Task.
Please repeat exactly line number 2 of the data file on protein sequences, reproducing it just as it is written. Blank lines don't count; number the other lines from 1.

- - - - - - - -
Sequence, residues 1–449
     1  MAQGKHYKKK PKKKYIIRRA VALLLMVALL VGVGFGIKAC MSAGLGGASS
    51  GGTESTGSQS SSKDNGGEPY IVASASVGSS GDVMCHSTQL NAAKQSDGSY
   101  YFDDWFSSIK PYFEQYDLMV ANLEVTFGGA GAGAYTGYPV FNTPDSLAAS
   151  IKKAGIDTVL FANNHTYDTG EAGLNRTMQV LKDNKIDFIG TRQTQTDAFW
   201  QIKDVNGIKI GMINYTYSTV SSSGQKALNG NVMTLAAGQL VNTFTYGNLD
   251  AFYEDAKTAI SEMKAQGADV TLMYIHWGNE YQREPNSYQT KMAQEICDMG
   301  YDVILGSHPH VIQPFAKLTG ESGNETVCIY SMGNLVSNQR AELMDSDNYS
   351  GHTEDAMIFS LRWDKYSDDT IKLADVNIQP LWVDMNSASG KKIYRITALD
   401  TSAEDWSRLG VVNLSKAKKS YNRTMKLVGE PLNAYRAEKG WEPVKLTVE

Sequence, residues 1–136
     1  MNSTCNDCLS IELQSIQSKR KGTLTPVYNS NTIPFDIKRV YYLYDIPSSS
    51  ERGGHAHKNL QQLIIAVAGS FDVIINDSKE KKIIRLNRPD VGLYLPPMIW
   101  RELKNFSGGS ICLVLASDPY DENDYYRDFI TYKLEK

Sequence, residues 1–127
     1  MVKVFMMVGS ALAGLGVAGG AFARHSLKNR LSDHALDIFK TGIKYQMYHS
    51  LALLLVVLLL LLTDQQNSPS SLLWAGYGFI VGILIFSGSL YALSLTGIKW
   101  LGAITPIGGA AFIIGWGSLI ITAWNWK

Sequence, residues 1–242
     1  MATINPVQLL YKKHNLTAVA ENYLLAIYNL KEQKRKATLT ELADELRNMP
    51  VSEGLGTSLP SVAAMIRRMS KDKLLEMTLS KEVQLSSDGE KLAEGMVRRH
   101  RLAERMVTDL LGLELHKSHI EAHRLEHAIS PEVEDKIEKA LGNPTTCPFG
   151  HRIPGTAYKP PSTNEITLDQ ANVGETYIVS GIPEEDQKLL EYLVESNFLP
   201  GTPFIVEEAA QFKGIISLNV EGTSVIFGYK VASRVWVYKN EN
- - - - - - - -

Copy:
     1  MAQGKHYKKK PKKKYIIRRA VALLLMVALL VGVGFGIKAC MSAGLGGASS